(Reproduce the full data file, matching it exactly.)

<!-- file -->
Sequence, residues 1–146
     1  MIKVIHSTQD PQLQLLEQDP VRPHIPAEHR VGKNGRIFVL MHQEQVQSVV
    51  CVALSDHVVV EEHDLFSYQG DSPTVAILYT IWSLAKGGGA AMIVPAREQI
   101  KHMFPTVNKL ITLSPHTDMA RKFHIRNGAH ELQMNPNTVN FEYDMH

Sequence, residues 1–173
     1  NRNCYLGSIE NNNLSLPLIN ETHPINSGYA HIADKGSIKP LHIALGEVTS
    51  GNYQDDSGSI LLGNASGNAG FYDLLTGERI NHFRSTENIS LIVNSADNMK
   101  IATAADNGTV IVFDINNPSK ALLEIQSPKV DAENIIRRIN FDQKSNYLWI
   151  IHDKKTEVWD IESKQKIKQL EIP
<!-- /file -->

Sequence, residues 1–146
     1  MIKVIHSTQD PQLQLLEQDP VRPHIPAEHR VGKNGRIFVL MHQEQVQSVV
    51  CVALSDHVVV EEHDLFSYQG DSPTVAILYT IWSLAKGGGA AMIVPAREQI
   101  KHMFPTVNKL ITLSPHTDMA RKFHIRNGAH ELQMNPNTVN FEYDMH

Sequence, residues 1–173
     1  NRNCYLGSIE NNNLSLPLIN ETHPINSGYA HIADKGSIKP LHIALGEVTS
    51  GNYQDDSGSI LLGNASGNAG FYDLLTGERI NHFRSTENIS LIVNSADNMK
   101  IATAADNGTV IVFDINNPSK ALLEIQSPKV DAENIIRRIN FDQKSNYLWI
   151  IHDKKTEVWD IESKQKIKQL EIP